Three butterflies flitted and danced as I followed them along the garden path. Everything was sundrenched and blooming—voluptuous peonies, scented roses, buttercups, lily-of-the-valley—warmth poured over my head and dripped down my shoulders.
And there, in a garden chair, with a sun hat crooked over her blue eyes sat my mother.
“Mom!” I rushed to her, “You’re here! But you died. I saw you die.” My mind flashed to those dark early morning hours where she gasped and writhed and finally lay still.
She looked at me with some confusion. “I was really sick. But I didn’t die. Look–“ she stretched out her strong arms and kicked the sandals off her slim tanned feet, “I’m healthier than I’ve been in years. And I have so much planned for today. We’re going to swim and sew a dress for Mary and eat dinner in the garden.”
“But Mom,” I dropped to my knees and put my head in her lap. “I don’t think this is real. We buried you Mom. I dressed you myself. I stood by your coffin.”
“Oh honey,” she stroked my hair, “you’ve always been prone to nightmares. Remember how often you crawled into my bed as a little girl? I’m so sorry. What a terrible, terrible nightmare.”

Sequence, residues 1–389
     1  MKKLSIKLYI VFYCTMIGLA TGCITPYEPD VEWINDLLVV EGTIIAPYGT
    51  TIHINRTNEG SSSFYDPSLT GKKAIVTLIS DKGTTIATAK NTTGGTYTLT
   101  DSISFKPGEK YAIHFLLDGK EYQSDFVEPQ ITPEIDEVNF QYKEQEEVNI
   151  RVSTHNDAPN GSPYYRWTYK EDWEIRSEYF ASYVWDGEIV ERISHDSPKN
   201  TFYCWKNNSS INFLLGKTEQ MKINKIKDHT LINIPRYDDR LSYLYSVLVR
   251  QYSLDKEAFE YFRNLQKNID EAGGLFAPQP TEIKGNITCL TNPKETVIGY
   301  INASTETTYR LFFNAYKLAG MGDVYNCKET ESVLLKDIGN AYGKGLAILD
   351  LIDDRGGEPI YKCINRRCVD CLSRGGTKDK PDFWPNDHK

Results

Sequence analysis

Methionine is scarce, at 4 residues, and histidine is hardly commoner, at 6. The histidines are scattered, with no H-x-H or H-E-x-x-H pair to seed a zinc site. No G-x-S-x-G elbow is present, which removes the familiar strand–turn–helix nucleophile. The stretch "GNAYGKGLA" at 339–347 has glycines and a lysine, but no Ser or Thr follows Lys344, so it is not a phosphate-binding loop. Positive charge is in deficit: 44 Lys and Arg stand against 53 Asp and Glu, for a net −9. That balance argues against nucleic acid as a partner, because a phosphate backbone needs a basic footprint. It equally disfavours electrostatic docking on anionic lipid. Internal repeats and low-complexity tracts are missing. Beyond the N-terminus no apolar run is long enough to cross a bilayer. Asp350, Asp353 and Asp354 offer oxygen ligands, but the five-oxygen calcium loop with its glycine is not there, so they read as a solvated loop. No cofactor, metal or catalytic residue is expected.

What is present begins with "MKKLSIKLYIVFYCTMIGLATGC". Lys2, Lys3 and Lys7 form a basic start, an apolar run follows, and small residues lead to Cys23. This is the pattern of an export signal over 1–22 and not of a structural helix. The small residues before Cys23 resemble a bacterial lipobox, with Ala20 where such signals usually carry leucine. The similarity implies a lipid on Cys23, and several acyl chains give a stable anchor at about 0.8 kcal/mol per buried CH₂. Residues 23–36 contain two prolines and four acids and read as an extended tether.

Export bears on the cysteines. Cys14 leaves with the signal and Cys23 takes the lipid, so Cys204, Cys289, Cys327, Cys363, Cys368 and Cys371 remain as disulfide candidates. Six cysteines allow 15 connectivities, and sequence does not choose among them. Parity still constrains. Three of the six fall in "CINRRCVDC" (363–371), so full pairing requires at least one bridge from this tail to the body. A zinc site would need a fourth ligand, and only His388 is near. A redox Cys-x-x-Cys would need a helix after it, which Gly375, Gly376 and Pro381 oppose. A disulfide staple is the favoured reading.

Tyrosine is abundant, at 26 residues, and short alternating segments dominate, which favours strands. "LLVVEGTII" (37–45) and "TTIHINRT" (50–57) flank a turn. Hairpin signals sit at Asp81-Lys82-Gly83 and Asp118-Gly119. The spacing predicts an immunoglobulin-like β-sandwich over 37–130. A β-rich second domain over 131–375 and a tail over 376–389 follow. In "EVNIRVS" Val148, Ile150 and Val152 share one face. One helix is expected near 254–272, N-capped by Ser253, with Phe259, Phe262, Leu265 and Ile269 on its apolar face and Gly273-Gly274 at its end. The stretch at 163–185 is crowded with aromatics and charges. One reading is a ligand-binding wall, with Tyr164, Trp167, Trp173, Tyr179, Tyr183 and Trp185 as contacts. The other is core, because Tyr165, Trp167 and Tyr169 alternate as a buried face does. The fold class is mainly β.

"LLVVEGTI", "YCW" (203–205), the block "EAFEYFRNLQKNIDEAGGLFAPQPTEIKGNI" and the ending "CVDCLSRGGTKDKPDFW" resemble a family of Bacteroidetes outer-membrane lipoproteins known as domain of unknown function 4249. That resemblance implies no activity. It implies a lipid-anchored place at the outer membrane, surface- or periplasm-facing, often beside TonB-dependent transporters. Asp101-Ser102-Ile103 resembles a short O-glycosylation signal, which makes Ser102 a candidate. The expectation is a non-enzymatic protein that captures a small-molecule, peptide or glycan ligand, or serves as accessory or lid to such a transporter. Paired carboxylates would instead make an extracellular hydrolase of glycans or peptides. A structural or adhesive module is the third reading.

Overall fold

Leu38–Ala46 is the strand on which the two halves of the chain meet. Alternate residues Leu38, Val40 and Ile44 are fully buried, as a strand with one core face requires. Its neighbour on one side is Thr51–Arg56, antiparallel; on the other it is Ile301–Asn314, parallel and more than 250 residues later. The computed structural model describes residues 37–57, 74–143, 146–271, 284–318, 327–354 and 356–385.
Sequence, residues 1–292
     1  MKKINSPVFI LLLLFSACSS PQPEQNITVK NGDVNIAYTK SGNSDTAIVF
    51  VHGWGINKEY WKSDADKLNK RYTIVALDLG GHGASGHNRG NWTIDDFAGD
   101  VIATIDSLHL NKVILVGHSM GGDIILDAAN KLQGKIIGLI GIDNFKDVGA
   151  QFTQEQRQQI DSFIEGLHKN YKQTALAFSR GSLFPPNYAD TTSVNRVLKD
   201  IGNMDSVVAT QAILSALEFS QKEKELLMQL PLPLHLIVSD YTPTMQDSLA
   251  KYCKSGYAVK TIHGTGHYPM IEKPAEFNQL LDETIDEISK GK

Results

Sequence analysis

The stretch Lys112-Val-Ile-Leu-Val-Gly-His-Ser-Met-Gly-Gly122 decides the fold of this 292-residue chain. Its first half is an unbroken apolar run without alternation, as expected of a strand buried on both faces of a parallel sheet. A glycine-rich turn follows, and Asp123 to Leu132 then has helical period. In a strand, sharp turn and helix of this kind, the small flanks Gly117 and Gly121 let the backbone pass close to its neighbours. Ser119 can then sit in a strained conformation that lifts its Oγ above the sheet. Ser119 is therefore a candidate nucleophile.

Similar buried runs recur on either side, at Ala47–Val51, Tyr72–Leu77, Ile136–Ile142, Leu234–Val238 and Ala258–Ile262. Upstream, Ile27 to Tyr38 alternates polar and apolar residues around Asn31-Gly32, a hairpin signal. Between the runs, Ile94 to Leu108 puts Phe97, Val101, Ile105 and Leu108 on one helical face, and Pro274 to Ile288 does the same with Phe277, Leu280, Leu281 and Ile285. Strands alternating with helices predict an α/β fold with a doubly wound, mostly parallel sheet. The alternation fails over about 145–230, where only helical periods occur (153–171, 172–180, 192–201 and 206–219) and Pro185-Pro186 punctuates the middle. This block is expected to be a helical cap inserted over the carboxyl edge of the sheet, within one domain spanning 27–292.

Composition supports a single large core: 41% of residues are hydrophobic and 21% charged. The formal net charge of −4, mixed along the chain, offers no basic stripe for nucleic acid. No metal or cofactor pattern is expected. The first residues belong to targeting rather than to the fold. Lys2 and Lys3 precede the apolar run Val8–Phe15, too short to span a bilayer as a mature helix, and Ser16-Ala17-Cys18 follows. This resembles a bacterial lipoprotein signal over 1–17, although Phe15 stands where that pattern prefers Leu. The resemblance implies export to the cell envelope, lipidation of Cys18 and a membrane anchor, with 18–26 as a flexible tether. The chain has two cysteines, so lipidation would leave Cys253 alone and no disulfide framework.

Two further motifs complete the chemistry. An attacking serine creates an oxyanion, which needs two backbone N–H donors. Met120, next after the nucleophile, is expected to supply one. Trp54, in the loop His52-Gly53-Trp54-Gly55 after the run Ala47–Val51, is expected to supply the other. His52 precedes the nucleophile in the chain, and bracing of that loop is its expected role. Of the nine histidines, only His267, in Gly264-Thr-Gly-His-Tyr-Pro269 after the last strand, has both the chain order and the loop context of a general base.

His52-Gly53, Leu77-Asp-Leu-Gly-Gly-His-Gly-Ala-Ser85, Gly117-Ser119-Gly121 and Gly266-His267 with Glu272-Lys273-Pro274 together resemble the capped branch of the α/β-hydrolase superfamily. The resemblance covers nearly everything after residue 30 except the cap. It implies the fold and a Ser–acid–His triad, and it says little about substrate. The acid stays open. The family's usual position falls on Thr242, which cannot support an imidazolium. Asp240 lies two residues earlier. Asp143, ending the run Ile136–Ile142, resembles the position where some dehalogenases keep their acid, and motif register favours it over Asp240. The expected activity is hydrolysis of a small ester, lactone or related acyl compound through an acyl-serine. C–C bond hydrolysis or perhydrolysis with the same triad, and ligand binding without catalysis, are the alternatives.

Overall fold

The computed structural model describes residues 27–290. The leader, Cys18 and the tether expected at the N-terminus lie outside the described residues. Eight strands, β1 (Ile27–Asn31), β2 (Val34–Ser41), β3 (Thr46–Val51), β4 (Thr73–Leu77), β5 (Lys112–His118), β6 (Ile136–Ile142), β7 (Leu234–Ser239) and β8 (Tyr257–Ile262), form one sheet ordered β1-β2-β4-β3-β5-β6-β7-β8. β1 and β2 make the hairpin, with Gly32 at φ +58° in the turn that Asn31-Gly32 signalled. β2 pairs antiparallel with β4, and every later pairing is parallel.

And then I woke up and found the nightmare was truth.
Shortly after my mother’s death, Jill (who I have yet to meet) left a comment saying, “It’s been 8 months since my father died. I wish I could tell you it gets easier…”
I thought then, “It has to get easier!” And it does. But harder too. I am happy every day. I am sad every day.
I fear I am wearying people with my grief. The world has moved on; I haven’t. Not completely. I see other tragedies—the loss of a spouse, a child, a marriage, a country—and know those must be so much worse. But I’m still aching, still grieving (still talking about it on Segullah today).
Some nights I dream of the end of time— a bright flash and my mother standing beside me healthy and whole, Zaila with her baby, little Trevor on his father’s shoulder.
I’m not wishing this life away. My home is full of goodness and promise. But I look forward to that bright perfect day when our sorrows fade like a half-remembered nightmare in the morning light.